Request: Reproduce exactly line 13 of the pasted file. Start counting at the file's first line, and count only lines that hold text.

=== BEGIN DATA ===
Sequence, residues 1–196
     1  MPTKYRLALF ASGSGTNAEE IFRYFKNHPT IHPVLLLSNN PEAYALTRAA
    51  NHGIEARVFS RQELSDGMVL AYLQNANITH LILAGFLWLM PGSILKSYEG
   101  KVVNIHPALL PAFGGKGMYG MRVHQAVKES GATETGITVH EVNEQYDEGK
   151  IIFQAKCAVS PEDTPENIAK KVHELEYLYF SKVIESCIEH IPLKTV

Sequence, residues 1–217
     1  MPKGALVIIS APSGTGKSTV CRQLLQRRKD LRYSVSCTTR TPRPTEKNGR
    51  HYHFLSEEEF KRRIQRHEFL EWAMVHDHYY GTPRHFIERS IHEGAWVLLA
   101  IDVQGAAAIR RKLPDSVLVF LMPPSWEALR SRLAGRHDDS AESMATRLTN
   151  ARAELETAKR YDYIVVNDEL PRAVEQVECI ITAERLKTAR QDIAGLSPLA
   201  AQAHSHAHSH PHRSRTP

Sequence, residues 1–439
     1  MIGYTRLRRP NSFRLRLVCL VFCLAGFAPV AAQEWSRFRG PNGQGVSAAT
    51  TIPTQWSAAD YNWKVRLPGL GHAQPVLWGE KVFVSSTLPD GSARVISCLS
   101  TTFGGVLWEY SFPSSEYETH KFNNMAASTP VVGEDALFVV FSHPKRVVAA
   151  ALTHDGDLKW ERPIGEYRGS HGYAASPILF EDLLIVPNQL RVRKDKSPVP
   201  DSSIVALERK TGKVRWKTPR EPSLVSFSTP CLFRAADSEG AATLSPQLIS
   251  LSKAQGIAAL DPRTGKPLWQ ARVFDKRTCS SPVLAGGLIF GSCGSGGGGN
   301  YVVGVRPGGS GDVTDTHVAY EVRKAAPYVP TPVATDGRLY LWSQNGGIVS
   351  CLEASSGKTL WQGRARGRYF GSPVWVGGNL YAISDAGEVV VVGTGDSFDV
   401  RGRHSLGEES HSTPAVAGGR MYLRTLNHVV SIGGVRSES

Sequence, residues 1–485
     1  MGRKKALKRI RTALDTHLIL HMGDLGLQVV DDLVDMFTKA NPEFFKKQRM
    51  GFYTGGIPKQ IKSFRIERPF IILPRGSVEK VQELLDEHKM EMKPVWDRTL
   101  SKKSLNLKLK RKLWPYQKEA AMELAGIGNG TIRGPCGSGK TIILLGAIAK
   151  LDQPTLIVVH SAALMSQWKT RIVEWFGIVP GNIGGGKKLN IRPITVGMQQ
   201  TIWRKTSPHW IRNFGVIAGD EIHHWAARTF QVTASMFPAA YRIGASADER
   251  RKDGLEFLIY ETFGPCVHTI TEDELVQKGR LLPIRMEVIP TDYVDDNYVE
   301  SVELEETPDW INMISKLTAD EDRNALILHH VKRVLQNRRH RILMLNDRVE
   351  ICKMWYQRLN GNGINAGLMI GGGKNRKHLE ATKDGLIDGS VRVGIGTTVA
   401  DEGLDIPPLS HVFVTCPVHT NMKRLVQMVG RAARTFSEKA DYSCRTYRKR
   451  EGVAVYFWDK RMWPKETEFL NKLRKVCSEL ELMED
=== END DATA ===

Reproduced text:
     1  MIGYTRLRRP NSFRLRLVCL VFCLAGFAPV AAQEWSRFRG PNGQGVSAAT